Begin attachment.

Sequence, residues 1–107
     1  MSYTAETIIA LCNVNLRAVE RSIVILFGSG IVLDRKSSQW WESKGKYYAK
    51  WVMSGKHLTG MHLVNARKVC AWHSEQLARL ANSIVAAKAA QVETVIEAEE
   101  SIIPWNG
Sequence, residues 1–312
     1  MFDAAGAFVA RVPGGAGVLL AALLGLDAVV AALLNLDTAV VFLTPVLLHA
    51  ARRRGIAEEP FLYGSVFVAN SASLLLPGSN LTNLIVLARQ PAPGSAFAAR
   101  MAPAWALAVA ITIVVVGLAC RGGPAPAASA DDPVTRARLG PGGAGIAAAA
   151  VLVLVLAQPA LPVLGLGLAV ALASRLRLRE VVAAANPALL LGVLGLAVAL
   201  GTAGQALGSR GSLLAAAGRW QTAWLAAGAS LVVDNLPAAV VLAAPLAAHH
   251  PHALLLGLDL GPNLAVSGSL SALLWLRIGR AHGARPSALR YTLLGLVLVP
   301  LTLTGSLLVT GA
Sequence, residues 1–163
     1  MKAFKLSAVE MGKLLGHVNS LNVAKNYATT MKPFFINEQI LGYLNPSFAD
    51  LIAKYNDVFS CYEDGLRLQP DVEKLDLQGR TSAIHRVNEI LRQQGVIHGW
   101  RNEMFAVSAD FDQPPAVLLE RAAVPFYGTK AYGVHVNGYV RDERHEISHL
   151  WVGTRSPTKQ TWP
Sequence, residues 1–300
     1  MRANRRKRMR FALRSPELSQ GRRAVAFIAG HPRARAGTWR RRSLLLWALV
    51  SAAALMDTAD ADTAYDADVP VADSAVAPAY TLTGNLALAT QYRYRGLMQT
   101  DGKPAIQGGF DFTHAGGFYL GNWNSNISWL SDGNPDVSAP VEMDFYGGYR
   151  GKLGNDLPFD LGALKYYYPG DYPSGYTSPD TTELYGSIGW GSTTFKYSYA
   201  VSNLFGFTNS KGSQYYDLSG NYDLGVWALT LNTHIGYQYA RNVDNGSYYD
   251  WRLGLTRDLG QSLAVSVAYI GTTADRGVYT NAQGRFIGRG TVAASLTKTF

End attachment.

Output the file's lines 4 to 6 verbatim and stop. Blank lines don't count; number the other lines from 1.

   101  SIIPWNG
Sequence, residues 1–312
     1  MFDAAGAFVA RVPGGAGVLL AALLGLDAVV AALLNLDTAV VFLTPVLLHA